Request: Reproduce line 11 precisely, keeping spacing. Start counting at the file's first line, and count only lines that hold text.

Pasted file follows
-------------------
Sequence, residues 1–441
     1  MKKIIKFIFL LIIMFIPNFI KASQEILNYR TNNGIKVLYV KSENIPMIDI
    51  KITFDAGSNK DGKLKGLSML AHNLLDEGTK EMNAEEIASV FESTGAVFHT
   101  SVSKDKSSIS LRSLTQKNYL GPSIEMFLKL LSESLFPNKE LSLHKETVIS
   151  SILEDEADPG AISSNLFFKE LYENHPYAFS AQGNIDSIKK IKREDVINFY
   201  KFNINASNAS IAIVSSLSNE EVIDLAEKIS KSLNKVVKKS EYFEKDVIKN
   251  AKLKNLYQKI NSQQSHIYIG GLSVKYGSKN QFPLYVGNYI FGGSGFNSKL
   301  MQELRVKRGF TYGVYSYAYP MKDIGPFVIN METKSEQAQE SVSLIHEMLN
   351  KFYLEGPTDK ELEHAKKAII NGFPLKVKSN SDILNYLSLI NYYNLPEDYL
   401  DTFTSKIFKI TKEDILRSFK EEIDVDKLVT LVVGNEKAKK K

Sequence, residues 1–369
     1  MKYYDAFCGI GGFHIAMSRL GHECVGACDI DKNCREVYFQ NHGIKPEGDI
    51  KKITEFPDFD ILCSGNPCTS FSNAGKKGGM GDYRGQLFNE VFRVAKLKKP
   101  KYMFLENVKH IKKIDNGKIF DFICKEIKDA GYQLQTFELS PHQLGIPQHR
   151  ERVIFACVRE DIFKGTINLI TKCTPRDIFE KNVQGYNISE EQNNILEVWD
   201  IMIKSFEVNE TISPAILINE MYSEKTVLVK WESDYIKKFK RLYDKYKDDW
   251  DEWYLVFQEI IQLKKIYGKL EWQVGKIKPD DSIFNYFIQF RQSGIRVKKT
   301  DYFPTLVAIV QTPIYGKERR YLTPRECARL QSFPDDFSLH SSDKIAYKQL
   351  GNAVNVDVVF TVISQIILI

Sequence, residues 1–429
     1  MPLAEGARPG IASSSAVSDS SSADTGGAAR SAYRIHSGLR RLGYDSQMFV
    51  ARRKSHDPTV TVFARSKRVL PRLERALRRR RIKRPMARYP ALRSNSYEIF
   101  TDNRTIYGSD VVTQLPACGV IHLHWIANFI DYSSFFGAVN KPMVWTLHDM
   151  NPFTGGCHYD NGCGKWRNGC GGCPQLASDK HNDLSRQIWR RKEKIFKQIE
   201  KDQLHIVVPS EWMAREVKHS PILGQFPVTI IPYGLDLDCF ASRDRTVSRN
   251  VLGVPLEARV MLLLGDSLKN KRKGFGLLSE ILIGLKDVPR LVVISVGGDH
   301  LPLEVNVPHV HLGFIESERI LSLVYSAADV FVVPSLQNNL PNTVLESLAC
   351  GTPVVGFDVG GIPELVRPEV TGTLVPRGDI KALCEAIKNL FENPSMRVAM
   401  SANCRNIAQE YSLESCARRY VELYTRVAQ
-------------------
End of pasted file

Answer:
Sequence, residues 1–369